This is an example in Boyce-Diprima. I have the following system$$x'=\begin{bmatrix} 1 & -1 \\ 1 & 3 \end{bmatrix}x$$ I solve for the eigenvalues, which is just $\lambda=2$ in this case, and it has has eigenvector $\xi = (1,-1)$. I set up the equation to solve for the generalized eigenvector which gives me $ -\eta_1 + \eta_2=1$. Now, here is my question. If I set $\eta_1=k$ and the solve the equation for the generalized eigenvector, I get $$\eta= \begin{bmatrix} 0 \\ -1\end{bmatrix} + k\begin{bmatrix} 1 \\ -1\end{bmatrix}$$ But if I instead set $\eta_2=-k$ and solve the equation for the generalized eigenvector, I get

$$\eta= \begin{bmatrix} -1 \\ 0\end{bmatrix} + k\begin{bmatrix} 1 \\ -1\end{bmatrix}$$ They are not multiplicative constants of each other, which seems strange. Are both correct, and if so, why?


  • $\begingroup$ Your $\lambda$ should be $2$. In generalized eigenvector, in many times, the generalized eigenvector won't be multiple of each other(why?) since it is a solution to nonhomogenous equation rather than to homogenous one. $\endgroup$ – Azlif Oct 20 '19 at 13:30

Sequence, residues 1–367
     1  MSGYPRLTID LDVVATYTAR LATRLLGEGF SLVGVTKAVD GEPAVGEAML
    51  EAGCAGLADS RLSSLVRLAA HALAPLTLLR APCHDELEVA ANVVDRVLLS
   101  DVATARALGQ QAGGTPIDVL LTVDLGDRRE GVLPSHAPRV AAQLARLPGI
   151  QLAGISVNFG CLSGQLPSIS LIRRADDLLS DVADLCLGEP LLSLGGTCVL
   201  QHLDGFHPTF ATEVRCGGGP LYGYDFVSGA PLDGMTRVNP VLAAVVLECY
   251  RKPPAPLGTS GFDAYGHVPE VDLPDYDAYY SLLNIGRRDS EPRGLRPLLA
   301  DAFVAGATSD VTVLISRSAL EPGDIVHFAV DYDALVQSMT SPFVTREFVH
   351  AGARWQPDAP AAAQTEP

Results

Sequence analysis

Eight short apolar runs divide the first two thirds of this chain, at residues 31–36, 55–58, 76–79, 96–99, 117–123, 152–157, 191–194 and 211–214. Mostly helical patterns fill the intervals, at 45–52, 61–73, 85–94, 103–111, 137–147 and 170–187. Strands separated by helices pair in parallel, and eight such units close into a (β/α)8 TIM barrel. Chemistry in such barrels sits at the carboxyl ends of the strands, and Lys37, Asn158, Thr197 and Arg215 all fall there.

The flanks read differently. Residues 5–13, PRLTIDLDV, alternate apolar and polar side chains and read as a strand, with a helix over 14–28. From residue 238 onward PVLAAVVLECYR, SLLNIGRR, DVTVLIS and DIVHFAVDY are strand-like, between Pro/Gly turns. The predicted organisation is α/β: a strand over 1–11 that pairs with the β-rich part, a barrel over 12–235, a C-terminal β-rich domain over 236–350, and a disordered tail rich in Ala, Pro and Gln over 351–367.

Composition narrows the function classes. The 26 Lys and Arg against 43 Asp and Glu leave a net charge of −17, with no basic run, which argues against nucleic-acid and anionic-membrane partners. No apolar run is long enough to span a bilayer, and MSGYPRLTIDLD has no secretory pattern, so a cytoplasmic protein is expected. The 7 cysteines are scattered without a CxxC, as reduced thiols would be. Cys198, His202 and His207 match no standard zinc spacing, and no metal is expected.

• $\begingroup$ I have changed it to 2. I'm afraid I don't understand what you mean. Could you explain it some other way? $\endgroup$ – user5744148 Oct 20 '19 at 14:22

If $A=\begin{bmatrix} 1 & -1 \\ 1 & 3 \end{bmatrix}$, then $A-2I=\begin{bmatrix} -1& -1 \\ 1 & 1 \end{bmatrix}$.

Therefore $(A-2I)^2=\begin{bmatrix} -1& -1 \\ 1 & 1 \end{bmatrix}^2=\begin{bmatrix} 0&0 \\ 0&0\end{bmatrix}$.

We can therefore see that $(A-2I)^2$ will reduce every vector to zero.

Equivalently, we can say that $(A-2I)$ will map any vector to a multiple of the eigenvector $\begin{bmatrix} 1 \\ -1\end{bmatrix}$.

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  • $\begingroup$ Okey, so any vector will be reduced to zero. I take that as meaning that either of the above eta vectors are correct as representing the generalized vectors. Is that a correct interpretation? $\endgroup$ – user5744148 Oct 20 '19 at 15:26
  • $\begingroup$ Yes, that's correct. $\endgroup$ – S. Dolan Oct 20 '19 at 15:27

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